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Citroen C5 (2008–2016)

Last updated 21 January 2018

Very comfortable, fantastic all-speed refinement, lots of interior space, well equipped from mid-range upwards.
Terminally uninteresting, dynamically soggy, patchy interior quality, confusing dashboard, no hatchback option.
Updated 21 January 2018

Report of EGS6 of 2012 CITROEN C5 1.6e-HDi 16v (110bhp) Airdream EGS6 2011MY VTR+ NAV Estate 5d 1560cc refusing to change gear automatically (would change gear by driver selecting the gears). After being...

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Introduction

Before Citroen stumbled upon a new way of making its cars interesting in the form of bubbly plastic side panels, the C5 was typical of its approach. Comfy, spacious, and slightly baffling. This second generation model, launched in 2007, is at least more interesting than original C5, which appeared to have been styled by stretching out a Citroen Xantia with a giant rolling pin.

Indeed, this C5’s exterior look is a strong point, with its sharp-yet-slightly-bulbous styling sitting nicely on the fine line between challenging and handsome.

In the cabin it’s not so successful however, with a dashboard typical of Citroen’s often confusing approach to layout. There are buttons, dials, switches and displays of various shapes, sizes and colours all over the place. Even the steering wheel is a novelty itself, with a fixed central boss and a rim design that bizarrely seems to encourage ‘eight and four o’clock’ hand placement.

In market that often trades outright comfort for a sense of ‘sportiness’, the C5 unashamedly does nothing of the sort. It’s as softly sprung and quiet as many a luxury car. If you weren’t staring at two static chevrons on the steering wheel, you’d swear you were in something a lot more expensive and infinitely more German.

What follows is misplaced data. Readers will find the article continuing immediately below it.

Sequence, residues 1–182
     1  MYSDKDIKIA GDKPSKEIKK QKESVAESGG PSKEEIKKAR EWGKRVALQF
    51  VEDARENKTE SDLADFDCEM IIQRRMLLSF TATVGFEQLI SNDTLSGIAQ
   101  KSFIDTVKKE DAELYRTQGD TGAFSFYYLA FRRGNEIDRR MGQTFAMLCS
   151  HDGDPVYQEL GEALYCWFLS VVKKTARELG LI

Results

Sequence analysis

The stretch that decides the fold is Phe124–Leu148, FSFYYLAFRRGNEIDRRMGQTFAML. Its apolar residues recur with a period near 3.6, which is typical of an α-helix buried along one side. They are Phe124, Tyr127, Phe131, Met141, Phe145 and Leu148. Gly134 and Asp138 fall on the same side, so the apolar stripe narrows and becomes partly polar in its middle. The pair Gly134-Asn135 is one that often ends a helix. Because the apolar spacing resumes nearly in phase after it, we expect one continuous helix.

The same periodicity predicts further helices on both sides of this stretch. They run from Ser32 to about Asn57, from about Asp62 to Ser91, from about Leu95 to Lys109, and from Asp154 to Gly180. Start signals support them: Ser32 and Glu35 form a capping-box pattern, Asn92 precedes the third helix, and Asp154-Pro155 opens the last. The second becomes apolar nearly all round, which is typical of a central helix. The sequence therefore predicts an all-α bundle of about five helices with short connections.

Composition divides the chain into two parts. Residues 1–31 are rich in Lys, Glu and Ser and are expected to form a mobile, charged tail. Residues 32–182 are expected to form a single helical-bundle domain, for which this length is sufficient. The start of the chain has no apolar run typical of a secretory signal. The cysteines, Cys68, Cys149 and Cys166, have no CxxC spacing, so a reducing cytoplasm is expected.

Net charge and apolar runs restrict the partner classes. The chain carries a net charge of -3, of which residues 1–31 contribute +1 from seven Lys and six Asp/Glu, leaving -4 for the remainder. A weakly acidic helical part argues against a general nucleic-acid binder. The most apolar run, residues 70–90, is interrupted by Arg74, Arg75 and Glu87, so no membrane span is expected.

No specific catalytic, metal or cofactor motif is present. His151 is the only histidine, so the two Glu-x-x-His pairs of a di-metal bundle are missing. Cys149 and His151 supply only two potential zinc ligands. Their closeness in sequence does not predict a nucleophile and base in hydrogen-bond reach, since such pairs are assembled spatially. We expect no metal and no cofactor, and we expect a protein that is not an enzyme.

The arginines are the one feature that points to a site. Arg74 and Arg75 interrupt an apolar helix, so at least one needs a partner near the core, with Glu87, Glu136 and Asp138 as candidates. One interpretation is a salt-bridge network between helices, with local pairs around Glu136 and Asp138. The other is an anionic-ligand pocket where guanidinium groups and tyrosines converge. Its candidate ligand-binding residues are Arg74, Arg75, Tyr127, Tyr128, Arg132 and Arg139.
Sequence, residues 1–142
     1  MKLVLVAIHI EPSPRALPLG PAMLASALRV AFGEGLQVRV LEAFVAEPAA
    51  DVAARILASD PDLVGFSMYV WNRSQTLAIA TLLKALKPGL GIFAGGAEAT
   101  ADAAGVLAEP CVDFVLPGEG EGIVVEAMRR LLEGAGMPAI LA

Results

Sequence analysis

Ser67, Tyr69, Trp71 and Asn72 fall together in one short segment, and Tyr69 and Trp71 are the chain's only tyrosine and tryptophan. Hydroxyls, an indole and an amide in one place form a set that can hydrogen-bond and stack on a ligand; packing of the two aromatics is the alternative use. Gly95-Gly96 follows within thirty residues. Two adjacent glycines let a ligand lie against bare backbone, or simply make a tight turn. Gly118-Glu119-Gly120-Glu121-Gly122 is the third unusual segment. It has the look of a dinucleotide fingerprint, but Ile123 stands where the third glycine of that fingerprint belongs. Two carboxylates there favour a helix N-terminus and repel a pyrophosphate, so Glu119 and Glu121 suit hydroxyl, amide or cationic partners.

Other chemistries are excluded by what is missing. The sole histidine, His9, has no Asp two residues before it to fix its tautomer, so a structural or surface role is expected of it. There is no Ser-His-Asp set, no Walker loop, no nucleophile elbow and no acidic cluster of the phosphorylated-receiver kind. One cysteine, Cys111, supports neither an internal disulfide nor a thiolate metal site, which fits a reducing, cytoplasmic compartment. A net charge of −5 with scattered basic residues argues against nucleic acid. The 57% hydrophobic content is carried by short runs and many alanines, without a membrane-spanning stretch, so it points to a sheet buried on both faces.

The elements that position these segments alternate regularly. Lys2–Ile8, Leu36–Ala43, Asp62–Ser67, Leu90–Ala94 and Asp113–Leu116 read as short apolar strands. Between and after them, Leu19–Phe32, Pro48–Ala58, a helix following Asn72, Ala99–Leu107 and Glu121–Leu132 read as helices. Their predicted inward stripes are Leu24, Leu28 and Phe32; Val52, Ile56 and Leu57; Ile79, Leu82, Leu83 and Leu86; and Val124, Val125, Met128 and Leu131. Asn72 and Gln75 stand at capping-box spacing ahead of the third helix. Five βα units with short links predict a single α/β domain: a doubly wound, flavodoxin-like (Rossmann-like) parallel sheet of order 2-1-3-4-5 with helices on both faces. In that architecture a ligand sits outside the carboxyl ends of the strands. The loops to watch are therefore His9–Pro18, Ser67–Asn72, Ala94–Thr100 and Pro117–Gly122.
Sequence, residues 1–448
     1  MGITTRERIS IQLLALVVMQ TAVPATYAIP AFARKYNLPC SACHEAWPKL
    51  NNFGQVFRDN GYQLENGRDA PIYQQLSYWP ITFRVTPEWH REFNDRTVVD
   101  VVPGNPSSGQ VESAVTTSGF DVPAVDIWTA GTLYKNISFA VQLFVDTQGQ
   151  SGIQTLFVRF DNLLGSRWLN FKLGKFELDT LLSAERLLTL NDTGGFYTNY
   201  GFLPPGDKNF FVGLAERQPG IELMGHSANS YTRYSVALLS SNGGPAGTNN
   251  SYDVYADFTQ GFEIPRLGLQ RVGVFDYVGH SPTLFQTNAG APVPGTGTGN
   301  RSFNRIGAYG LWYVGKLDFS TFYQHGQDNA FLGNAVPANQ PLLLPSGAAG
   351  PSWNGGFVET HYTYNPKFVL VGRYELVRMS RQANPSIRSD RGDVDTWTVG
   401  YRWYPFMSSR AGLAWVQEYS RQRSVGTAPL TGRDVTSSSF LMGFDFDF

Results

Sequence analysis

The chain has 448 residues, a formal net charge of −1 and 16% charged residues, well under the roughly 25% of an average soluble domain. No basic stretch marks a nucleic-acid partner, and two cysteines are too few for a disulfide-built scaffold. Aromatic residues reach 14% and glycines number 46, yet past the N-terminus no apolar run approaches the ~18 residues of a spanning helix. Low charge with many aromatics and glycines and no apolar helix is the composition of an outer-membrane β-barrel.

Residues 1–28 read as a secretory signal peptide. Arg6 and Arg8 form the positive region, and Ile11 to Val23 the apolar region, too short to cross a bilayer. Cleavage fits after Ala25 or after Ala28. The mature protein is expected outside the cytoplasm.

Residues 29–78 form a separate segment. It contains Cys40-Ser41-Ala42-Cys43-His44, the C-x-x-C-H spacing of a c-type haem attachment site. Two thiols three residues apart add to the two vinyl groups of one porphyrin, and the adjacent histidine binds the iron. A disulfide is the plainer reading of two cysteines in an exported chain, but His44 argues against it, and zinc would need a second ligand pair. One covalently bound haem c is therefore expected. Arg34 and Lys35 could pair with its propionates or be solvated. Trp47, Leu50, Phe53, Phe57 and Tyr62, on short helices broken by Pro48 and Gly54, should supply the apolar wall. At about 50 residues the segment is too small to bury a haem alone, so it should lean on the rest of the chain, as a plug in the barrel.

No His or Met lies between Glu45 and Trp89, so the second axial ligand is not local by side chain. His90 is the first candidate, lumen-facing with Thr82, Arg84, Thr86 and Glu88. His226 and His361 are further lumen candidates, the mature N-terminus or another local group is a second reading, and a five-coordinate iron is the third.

That means that while it’s not the most engaging car to drive – positively lacklustre at any sort of pace, in fact – it’s probably the most comfortable car in its price bracket to tackle a long motorway run with.

Towards the end of its life the C5 became well equipped across the range, with all models getting air conditioning, cruise control, electric windows all round, electric mirrors and Isofix for child seats.

It wasn’t always the case though, with Citroen progressively adding more specification in mid-level cars in a bid to make the ageing C5 more attractive. The base spec SX car comes wth plastic wheel trims, which in this class is shameful. VTR and VTR+ add alloy wheels, sports seats, front fog lights and fancier interior trim, while the Exclusive specification throws everything at it, including navigation, part-leather upholstery, parking sensors and electric seats.

Owners' reviews

4
Undertated comfortable cruiser.
5
Comfortable, quiet, economic, cheap £30 road tax, what more can I say?
5
Great car comfy driver.
5
Quiet, comfortable and competent cruiser.
5
Luxury travel
3
Understated cruser
 

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